Steve composed his first score for the French film Bleu de Ville.
Steve's classical opera, Welcome to the Voice, co-written with his lover, Muriel Téodori, began life with the title Parasite and was performed at a New York Jazz Festival with Elvis Costello and the Brodsky Quartet in 2000. Evolving over the years, it emerged again in a 2007 deutschegrammophon recording - this time featuring Sting in the lead, along with Elvis Costello, Barbara Bonney, Robert Wyatt and the Brodsky Quartet.
In May of 1996, Steve Nieve accompanied Elvis Costello on a brief, intimate five city tour to promote All This Useless Beauty. There is no band and many of the arrangements feature only Costello's evocative vocals and Steve's beautiful, resonant piano. Highlights from each show were eventually released commercially in a limited edition, five CD box set called Costello & Nieve.
It was the English punk singer Ian Dury ("Sex and Drugs and Rock and Roll") who christened young Steve Nason with the name Steve Naïve. It seems that the 19 year-old Nason, the suburbanite son of a bank manager and a bookseller, wasn't very knowledgeable about certain aspects of life on the road in a Rock and Roll band. The name stuck, although over the years the spelling has been changed several times.
From 1987 to 1988, Steve Nieve served as the leader of the house band for Jonathan Ross, "the David Letterman of England", on his show, The Last Resort. The band, Steve Nieve and The Love Band (with fellow former-Attraction, Pete Thomas ,on drums) backed everyone from James Brown to Paul McCartney.
Steve Nieve, as Norman Brain, wrote most of the songs for Mad About the Wrong Boy with his first wife, Fay Hart - thus the songs are credited to Brain & Hart (Trust's faux movie poster has Nieve's character listed as Steve Hart).
In 1980, under Steve Nieve's direction, The Attractions (without Elvis) recorded their own album, Mad About the Wrong Boy, with Steve and Bruce Thomas sharing lead vocals. Although it was never released in the U.S., and the French Demon CD reissue is now out of print, occasionally copies can still be found.
When the young, 19-year-old Steve first joined Elvis, fresh out of The Royal College of Music, his knowledge of pop music was minimal at best, which perhaps explains some of his originality. Elvis explains : "When working out songs, I always spoke in shorthand references to records that I liked. It was only after a couple of months that we discovered that Steve's appreciation of rock and roll really only extended to Alice Cooper and T Rex."
As a student at The Royal College of Music in London, historically one of the most influential music institutions in Europe, Steve Nieve is the only member of The Attractions to receive any formal advanced education.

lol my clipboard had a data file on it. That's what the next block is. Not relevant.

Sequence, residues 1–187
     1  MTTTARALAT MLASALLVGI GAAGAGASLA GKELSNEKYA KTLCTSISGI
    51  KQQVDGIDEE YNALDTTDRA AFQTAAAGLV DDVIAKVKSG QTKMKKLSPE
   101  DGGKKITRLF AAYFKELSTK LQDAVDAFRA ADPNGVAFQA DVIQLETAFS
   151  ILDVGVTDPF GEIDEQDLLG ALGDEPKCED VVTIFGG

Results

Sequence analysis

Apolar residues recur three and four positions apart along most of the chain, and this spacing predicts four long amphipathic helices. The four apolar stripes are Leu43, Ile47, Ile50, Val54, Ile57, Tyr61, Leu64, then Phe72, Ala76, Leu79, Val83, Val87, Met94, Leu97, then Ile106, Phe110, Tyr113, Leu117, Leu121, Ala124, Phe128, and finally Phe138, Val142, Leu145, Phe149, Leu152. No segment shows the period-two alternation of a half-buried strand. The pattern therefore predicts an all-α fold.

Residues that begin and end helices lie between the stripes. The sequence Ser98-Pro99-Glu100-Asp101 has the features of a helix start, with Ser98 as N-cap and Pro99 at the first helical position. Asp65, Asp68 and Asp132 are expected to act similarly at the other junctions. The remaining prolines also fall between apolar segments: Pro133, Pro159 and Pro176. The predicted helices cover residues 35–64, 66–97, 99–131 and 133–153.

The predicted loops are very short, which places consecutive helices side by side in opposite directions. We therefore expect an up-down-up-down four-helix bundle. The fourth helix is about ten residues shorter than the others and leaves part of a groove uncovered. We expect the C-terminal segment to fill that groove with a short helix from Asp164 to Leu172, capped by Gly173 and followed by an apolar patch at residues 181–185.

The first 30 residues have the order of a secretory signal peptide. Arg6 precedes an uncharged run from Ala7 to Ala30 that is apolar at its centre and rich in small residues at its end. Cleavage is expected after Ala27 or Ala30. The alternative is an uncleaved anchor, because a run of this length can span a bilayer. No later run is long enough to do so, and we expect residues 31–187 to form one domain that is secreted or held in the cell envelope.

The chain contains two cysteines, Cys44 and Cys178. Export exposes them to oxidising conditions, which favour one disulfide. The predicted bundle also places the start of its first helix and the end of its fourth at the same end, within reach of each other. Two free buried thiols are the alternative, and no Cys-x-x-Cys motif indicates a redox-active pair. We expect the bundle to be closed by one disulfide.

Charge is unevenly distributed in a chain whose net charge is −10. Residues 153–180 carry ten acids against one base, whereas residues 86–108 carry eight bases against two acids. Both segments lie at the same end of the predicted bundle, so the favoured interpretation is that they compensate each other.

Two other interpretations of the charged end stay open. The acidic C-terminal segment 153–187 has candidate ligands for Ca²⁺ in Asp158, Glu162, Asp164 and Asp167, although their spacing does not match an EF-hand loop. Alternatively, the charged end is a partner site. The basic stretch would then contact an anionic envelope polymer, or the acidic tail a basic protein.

Steve: (on recording his singing for the first time) I wanted to explore my voice, which I'd never done before. And so I did quite a lot of experimentation before I arrived at this sort of approach, which is I think, to be as soft as humanly possible.
Steve: I don't think I'm really a singer, but these songs I can perform in a certain way that will work.
(Steve is asked why Maurice Worm, an alias of his, said "music is a boomerang")
Steve: In 1984, Maurice Worm said a lot of things that I am not absolutely aware of. But that seems like a poetic statement. Music is a form of communication, and, in a way, I think it's a two-way communication between the musician and the listener. And I feel that Maurice was trying to say that when you send out some music, it always comes right back at you, like a boomerang. Having said that, there are certain shoes I wouldn't want to be in--Marilyn Manson's for one!
Steve: My actions behind the keyboard are mainly inspired by the music. I may have been inspired by other things in the past, but I make a point now of playing completely sober.
Steve: We think that the human voice is kind of the most important thing that we have. It's how we share our internal thoughts and desires, and it's a musical instrument. But the most important thing is, it's what makes us human.
(asked about becoming a singer, Steve credits his lover)
Steve : Muriel didn't want me to become a singer. I had to persuade her by re-recording the songs many times, trying different approaches. I think it was her reluctance that pushed me to work on my voice. I discovered that I had to take distance, that if I put any emotion in my voice, it didn't sound genuine, because I'm not a singer. But, if I sang softly with no intention, sort of detached and cold, then the emotion appeared. It was a strange discovery, and trying to persuade Muriel helped me to find my way.
Steve: Who knows where I'd be right now without my electronic keyboard?
Steve: The piano is what I began on. Well in fact, you know, I began on a harmonium actually. My parents didn't have any kind of instrument in the home, and apparently when I was really young, I wanted to play something and the first thing that my Dad managed to get his hands on was this old foot-pump organ … and that's what I actually began on.